5. How to Detect a Dust Collector Leak14. Guide to On-Demand Cleaning
6. How to Install a Snap Band Dust Collector Filter Bag15. Dust Collector Preventative Maintenance Plan
7. My Pulse Valve Is Not Working What's 7. Wrong?16. Dust Collector Maintenance Checklist
8. How to Replace Your Dust Collector Diaphragm Valve17. Dust Collector Start-Up Check List
9. How to Replace the Solenoid’s in Your
Pulse Valve
18. Maintenance Action Item Check List

5 Most Commonly Replaced Dust Collector Parts

5 Commonly Replaced Dust Collector Parts

Watch Video Above

Proper upkeep of your dust collector is essential to long term health and performance. As your dust collector ages, system parts will be prone to wear and tear. To keep your system at peak performance, take note of the five most commonly replaced dust collector parts and how you can identify maintenance issues.

5 Most Commonly Replaced Dust Collector Parts:

  1. Timer board
  2. Solenoid Kit
  3. Diaphragm Kit
  4. Valves
  5. Filters

To know when it’s time to replace your parts, look out for these common warning signs. The more you are prepared now, the better you will be at avoiding the high costs that quickly escalate with unscheduled downtime.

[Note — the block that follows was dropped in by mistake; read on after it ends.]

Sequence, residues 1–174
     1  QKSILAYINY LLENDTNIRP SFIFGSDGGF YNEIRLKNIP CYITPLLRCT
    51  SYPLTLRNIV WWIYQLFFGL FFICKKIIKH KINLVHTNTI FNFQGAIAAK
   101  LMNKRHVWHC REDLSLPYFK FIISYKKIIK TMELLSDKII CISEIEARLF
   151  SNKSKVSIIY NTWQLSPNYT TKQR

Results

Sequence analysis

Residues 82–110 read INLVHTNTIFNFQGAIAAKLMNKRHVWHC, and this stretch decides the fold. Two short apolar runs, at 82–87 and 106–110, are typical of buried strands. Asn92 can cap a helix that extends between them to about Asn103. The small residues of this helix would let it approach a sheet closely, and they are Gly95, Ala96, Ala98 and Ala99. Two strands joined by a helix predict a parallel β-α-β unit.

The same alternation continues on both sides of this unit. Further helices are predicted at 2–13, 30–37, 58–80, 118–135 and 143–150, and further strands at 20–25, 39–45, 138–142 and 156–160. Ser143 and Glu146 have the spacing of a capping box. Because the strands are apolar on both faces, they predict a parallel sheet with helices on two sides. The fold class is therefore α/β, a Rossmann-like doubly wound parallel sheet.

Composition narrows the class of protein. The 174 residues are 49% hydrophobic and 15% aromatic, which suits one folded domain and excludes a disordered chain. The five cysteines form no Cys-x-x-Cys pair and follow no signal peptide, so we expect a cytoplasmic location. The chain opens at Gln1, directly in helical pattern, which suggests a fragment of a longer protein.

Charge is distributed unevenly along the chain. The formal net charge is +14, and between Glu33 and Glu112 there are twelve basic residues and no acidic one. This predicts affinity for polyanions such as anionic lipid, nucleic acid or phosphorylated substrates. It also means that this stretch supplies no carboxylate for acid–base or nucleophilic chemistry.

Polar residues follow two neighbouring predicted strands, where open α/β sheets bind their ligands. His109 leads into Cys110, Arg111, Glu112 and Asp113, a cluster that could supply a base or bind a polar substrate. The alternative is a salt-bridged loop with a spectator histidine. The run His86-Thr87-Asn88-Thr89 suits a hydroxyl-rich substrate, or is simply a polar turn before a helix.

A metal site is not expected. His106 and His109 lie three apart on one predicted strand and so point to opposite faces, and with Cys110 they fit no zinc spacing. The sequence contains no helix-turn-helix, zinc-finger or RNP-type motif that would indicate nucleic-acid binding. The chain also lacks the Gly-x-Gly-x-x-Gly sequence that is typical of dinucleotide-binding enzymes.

Timer Board

  • No power to the timer board
  • Pulse valve not pulsing
  • Pulse valve leaking air due to small electrical charge coming from timer board

Solenoid

  • Leaking pulse valve
  • Pulse valve wont fire/pulse
  • Rubber on plunger is worn
  • Solenoid post is bent
  • Plunger is rusted/corroded and can’t move freely

Diaphragm Kit

  • Pulse valve is leaking air
  • Weak pulsing
  • Filter bags not being cleaned, increased differential pressure
  • Is your spring broken?

Valve

  • Leaking air even after replacing diaphragm kit and checking solenoid and timer board